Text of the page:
#11: Stop using the moral high ground; start using persuasion.

With Kirwin Lalla, Director of EHS at Sysco Canada

Please note that the views, information, and opinions expressed during Safety Leaders Now are solely those of Joe Meadows and Kirwin Lalla and do not necessarily represent those of Sysco Canada and its employees.

As the Director of EHS at Sysco Canada, Kirwin Lalla is responsible for managing the safety of over 4,500 employees who operate in a diverse range of environments including warehousing, transportation, and power generation. In this episode, he discusses how the power of persuasion helped him implement a safety strategy that has received support from Sysco's global management team.




With 4,500 employees to keep safe, Kirwin Lalla, Director of EHS at Sysco Canada, has a diverse scope of work. Tune in to this episode to hear him discuss how listening, understanding, and the power the persuasion helped him to create a globally commended safety strategy.

  • Behind the scenes with Joe and Valeriya [01:13];
  • Introduction to Kirwin Lalla [03:07];
  • Insight into the Environmental Health and Safety management at Sysco Canada [04:36];
  • The company size, company structure, and reporting lines [07:47];
  • Sysco Canada’s safety org chart [08:31];
  • How Kirwin’s background in maritime led to him pursuing a career in safety [11:12];
  • Kirwin’s thoughts on focussing on safety compliance vs risk management [17:48];
  • The 2 soft skills that Kirwin used the most when starting at Sysco Canada: listening and understanding [19:57];
  • How Kirwin’s economic planner was the catalyst for changing the perception of safety at Sysco Canada [23:48];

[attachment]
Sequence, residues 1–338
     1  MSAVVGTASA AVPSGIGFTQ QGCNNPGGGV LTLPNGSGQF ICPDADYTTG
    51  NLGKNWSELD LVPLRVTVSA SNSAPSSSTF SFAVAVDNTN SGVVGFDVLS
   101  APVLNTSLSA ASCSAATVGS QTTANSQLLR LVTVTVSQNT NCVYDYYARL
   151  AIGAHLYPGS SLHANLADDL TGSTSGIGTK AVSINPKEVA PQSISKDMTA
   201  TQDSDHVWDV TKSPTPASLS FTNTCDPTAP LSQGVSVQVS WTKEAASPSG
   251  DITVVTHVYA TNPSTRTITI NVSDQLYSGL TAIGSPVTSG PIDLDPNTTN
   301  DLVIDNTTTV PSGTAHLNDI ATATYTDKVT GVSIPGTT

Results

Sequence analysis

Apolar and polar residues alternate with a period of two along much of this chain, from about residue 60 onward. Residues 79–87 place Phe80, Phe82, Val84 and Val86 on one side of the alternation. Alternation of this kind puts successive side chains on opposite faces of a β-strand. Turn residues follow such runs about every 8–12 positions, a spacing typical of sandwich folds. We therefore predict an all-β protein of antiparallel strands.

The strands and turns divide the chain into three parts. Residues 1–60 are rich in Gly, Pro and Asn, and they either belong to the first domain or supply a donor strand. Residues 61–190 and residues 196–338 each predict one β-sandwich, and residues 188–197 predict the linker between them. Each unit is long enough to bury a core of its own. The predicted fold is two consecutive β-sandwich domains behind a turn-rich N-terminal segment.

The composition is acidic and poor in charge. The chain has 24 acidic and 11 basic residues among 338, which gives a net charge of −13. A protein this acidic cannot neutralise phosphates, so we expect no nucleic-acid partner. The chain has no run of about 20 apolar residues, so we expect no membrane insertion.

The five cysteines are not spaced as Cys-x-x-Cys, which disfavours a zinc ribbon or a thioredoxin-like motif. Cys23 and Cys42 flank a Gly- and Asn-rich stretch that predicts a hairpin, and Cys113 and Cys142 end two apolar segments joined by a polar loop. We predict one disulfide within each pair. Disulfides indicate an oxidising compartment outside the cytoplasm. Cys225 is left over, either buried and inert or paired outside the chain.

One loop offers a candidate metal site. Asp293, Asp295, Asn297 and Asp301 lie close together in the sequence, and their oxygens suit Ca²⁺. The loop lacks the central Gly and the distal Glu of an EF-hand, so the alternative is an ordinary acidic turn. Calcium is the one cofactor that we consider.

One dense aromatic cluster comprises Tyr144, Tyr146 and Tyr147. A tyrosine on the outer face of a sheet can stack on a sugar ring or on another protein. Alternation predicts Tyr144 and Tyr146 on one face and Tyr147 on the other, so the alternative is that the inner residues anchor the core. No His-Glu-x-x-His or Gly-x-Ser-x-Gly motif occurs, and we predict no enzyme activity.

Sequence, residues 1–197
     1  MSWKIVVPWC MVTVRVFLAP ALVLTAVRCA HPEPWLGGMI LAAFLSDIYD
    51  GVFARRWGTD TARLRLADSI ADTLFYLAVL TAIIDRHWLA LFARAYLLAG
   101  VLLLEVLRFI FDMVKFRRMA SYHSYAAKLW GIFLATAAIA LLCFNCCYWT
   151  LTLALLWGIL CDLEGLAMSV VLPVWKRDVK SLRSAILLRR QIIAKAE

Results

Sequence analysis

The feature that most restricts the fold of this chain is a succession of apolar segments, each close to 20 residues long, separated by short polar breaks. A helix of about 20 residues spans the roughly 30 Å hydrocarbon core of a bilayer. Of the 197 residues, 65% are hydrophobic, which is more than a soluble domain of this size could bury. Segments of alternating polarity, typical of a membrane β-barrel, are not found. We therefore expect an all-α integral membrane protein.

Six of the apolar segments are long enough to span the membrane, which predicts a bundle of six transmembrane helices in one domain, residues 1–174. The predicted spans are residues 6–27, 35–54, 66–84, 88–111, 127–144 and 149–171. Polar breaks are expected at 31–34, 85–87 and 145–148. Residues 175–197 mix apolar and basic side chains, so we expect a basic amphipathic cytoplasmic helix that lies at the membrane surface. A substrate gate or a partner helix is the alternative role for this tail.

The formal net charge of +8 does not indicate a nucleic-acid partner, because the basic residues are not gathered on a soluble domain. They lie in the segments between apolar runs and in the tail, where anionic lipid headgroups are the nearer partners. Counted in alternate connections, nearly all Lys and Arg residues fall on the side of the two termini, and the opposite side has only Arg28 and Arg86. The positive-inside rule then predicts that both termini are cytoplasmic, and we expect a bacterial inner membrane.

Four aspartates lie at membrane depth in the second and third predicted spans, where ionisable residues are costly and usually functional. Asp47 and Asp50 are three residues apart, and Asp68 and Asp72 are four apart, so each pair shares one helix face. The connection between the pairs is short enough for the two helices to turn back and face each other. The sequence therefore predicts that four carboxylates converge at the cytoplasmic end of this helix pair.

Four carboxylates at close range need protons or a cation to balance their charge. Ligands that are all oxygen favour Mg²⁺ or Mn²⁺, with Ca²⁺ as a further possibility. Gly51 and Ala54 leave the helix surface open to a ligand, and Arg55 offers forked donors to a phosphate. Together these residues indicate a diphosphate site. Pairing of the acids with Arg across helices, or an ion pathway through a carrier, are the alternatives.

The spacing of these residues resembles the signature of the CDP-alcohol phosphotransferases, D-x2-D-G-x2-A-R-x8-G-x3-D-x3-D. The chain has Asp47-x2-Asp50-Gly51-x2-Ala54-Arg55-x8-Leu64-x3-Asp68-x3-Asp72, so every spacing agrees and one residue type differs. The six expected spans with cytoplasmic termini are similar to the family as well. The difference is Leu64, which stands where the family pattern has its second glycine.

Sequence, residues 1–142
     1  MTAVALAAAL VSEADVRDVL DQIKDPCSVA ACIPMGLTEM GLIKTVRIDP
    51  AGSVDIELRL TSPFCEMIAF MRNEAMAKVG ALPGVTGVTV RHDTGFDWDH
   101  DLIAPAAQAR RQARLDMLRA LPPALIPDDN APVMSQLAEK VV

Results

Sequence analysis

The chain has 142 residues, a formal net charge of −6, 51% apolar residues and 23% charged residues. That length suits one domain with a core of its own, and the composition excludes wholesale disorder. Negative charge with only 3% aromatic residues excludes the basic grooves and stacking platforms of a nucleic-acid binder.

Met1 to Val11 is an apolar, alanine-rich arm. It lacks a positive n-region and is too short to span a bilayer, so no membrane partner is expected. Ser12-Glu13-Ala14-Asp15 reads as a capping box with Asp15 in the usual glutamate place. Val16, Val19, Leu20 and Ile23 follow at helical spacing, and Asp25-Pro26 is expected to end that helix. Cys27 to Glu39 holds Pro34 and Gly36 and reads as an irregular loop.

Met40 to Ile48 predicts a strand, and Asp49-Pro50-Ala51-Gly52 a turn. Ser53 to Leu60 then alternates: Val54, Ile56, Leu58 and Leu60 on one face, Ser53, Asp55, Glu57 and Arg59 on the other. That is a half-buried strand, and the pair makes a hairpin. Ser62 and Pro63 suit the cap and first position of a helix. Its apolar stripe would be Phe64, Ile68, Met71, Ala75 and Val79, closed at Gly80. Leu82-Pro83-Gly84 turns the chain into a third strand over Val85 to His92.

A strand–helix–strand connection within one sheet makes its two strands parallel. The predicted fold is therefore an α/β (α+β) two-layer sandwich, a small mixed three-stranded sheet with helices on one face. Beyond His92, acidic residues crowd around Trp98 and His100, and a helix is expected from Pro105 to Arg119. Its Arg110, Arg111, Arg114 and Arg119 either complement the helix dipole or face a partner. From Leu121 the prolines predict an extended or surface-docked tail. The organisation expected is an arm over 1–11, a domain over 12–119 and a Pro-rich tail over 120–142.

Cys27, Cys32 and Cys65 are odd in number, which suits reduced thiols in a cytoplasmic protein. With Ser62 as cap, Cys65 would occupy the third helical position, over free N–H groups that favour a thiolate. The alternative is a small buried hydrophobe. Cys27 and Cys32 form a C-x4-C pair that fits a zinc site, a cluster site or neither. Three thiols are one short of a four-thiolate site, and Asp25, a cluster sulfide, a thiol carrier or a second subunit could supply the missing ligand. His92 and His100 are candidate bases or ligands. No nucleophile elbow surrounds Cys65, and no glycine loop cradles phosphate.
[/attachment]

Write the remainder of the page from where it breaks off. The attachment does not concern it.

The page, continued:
• Breakdown of the tools, questions, and reporting methods used for Sysco Canada’s internal safety perception survey [29:32];
  • How Kirwin designed the questions he included in his safety perception survey [35:00];
  • Kirwin’s tips for safety professionals who are wanting to successfully pitch a safety initiative [36:41];
  • Insight into how Kirwin developed his tactical leadership skillset [43:05];
  • Opportunities for change within the Safety Industry [48:40];
  • Kirwin’s closing remarks [57:52];
  • More.



Kirwin's reading recommendations:

  • "The Emperor Has No Hard Hat" by Alan D. Quilley
  • "From Accidents to Zero" by Professor Dr. Andrew Sharman
  • "Influence: The Psychology of Persuasion" by Robert Cialdini
  • "Social Intelligence and the Biology of Leadership" by Daniel Goleman & Richard E. Boyatzis


The health and safety planner Kirwin uses and his questions:

Disclaimer: One sizes does not fit all and it is important to design questions that are pertinent to your organization.

Safe Accountability

  1. I am recognized positively for my safety efforts
  2. I know and understand my safety responsibilities
  3. I have the authority to stop an unsafe situation and take action to correct the hazard
  4. Workers in my department participate in deciding how the work gets done safely
  5. I receive the training and support I need to do my job safely

Safe Behaviour

  1. My leader sets a good safety example for others to follow
  2. Workers are observed routinely to assist them in performing their jobs safely
  3. I understand the measures used to evaluate my safety performance
  4. My leader regularly talks with me about safety
  5. I trust my leaders to create a safe workplace

 Safe Culture

  1. The site where I work has a clear corporate  "Safety Culture" and values
  2. My department focuses on solving problems instead of finding fault
  3. I can contact senior leadership to discuss safety concerns if needed
  4. Operating safely is discussed at production meetings
  5. I feel very safe at work
  6. New workers are assigned to work with experienced workers for job instruction
  7. I have the materials I need to do my job Safely
  8. I have the tools I need to do my job safely

Work Environment

  1. I have the equipment I need to do my job safely
  2.  Incidents and injuries are thoroughly analyzed, and lessons communicated
  3. Leaders discuss incidents and injuries with employees involved
  4. Workers feel free to discuss the causes of incidents with incident analysis
  5. Incidents are used as opportunities for learning
  6. Meetings are held to discuss safety with frontline staff
  7. Health and safety meetings have a favorable effect on the site’s safety performance
  8. Safety posters, directional signage & bulletins are clearly posted and updated regularly
  9. Associates participate in safety discussions at meetings

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